// Mood Example
$post_options->register_post_option( array(
	'id' => 'mood',
	'title' => 'Mood',
	'section' => 'real-world',
	'callback' => Post_Options_Fields::select( array(
		'description' => 'How did you feel when writing this post?',
		'select_data' => array(
			'Happy' => 'Happy',
			'Sad' => 'Sad',
			'Disappointed' => 'Disappointed',
			'Awful' => 'Awful'
		)
	) )
) );

add_filter( 'the_content', 'my_mood_filter' );

And here’s our my_mood_filter function that grabs the mood of the post and appends it to the content that’s passed through the filter:

// A filter to the_content to show off the current mood
function my_mood_filter( $content ) {
	global $post_options, $post;
	$mood = $post_options->get_post_option( $post->ID, 'mood' );
	if ( ! empty( $mood ) )
		$content .= "<p><strong>Mood</strong>: {$mood}</p>";
	return $content;
}

The result will look something like this:

Twenty Eleven Mood Example

Download & Try it Out Yourself

Let’s go over this one more time. The Post Options API is an experimental project, you shouldn’t use or get used to this implementation in your projects, but you’re free to play around, test things and give us some valuable feedback to continue (or discontinue) working on it.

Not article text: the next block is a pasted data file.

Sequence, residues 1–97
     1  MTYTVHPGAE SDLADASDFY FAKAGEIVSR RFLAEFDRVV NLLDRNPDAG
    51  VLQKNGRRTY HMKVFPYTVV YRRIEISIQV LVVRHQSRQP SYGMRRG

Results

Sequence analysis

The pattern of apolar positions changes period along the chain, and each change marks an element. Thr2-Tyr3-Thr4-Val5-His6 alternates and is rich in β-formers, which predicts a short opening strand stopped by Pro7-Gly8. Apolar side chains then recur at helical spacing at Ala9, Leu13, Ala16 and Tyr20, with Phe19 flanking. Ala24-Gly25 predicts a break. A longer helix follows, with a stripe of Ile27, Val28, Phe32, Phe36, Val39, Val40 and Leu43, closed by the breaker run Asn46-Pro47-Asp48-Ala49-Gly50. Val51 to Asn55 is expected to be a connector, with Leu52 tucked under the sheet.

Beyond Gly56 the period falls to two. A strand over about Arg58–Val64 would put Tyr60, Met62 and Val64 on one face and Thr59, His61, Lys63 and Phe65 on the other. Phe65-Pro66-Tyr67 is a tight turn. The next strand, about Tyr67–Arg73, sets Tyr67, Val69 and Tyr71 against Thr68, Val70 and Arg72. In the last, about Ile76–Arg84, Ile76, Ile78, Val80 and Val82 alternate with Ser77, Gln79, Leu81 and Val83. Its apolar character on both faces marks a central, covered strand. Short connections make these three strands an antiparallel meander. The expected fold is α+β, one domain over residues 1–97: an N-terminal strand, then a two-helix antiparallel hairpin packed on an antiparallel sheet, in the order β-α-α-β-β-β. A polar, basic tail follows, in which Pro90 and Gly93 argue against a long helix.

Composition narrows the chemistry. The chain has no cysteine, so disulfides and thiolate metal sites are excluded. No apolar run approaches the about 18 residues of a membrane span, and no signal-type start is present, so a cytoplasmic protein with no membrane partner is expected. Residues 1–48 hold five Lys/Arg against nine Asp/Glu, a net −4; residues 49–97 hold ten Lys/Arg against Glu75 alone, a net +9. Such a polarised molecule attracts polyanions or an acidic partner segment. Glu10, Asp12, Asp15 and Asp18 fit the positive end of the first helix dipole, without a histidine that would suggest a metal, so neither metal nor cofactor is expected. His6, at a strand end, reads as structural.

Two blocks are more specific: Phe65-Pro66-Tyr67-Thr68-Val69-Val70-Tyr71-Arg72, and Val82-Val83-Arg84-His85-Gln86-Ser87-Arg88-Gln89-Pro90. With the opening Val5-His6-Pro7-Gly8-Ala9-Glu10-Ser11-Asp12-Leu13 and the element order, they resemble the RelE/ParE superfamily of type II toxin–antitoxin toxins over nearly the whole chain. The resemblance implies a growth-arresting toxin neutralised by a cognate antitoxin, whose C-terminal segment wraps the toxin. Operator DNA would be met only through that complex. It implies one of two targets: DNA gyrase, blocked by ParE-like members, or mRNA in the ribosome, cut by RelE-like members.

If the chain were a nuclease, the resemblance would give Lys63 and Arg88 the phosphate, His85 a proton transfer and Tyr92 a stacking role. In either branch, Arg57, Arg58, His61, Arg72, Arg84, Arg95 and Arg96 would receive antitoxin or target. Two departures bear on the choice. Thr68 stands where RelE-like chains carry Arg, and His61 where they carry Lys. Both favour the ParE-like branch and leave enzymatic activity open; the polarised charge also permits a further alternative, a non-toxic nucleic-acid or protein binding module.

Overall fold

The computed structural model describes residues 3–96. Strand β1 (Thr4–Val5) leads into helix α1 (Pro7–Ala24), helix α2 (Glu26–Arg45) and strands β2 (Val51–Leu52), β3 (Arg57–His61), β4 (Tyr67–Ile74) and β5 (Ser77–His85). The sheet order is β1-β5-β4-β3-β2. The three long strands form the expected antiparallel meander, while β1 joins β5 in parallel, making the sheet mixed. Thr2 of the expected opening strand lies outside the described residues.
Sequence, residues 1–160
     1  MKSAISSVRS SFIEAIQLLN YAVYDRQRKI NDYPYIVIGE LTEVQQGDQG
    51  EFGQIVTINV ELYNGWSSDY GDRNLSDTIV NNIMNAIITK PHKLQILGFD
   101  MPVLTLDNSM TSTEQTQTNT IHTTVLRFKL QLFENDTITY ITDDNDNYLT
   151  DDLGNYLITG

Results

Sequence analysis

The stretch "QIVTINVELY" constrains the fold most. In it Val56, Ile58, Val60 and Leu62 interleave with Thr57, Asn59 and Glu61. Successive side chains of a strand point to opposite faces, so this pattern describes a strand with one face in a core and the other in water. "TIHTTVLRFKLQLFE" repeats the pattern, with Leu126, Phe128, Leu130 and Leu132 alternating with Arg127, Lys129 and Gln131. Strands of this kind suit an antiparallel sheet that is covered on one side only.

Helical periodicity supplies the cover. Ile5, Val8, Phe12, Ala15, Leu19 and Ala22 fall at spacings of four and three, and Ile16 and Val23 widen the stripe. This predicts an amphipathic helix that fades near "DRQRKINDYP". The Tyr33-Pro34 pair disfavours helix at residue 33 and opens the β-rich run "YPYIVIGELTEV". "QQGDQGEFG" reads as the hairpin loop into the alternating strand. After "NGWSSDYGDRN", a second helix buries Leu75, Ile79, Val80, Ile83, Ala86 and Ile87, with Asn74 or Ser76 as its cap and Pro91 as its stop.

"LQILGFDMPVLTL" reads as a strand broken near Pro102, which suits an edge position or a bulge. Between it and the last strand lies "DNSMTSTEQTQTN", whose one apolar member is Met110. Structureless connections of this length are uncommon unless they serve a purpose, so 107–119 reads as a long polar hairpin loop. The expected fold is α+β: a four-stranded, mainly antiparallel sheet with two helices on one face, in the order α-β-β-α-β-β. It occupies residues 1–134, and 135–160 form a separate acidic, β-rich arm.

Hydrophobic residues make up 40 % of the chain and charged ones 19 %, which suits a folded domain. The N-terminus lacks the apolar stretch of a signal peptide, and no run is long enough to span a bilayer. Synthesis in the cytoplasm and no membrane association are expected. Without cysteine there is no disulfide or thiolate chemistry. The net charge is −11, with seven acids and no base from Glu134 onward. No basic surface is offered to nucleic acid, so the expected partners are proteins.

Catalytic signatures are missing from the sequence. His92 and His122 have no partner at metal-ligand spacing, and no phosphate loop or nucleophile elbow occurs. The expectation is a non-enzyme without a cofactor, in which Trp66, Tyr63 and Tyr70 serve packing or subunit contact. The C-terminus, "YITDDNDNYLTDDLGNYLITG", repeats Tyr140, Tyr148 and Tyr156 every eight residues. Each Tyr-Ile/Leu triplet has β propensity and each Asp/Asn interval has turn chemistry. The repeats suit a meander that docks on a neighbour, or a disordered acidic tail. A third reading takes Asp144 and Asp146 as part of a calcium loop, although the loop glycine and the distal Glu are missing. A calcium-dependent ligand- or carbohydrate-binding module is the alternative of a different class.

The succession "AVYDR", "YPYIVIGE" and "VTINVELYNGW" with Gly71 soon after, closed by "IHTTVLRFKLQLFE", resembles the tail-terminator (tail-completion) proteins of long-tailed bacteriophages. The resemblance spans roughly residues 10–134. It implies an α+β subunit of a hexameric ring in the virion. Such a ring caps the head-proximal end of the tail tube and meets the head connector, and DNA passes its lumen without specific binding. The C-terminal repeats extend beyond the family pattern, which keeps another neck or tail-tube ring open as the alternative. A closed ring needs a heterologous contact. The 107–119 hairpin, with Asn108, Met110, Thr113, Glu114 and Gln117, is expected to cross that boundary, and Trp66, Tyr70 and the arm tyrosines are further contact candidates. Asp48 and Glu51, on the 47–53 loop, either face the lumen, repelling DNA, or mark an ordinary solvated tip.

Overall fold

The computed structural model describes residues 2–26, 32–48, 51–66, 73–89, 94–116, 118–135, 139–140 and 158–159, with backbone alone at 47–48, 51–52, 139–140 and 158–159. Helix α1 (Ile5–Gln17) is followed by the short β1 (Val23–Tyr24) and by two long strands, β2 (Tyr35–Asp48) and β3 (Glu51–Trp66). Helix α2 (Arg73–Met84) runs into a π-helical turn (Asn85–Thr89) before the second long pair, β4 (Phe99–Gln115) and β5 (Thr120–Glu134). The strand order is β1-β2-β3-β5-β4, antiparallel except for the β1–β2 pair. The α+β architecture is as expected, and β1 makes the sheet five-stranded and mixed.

It comes as a plugin for WordPress so drop it into your plugins folder, activate it and dig into the code, watching what’s happening on the edit post page side. Some of the code is well-commented, some isn’t, but we’re working on that. Most of it should be self-explanatory, especially after reading this article.

The Post Options API project is currently hosted as an open-source project on Github and at the time of writing I tagged it as 0.1, so go ahead and grab your copy, fork it, follow it and stay tuned with what’s happening on the master branch. If you’ve got some cool ideas and would like to contribute, we would really love and appreciate that, so let us know.

Post Options API on Github

That’s it for today my friends! Do share your thoughts, comments and suggestions with us. Have you found an easier approach at custom fields? How are you currently dealing with post meta and how do your end-users and customers find it? We’re all ears so say it out loud! Thank you for reading and hope you enjoyed it. Keep up with our RSS feed for the latest WordPress tips and tricks, tutorials, experiments and giveaways!

Update: Some of the code and concepts in this post are outdated, please view the following post: Post Options API is Almost Ready for Action.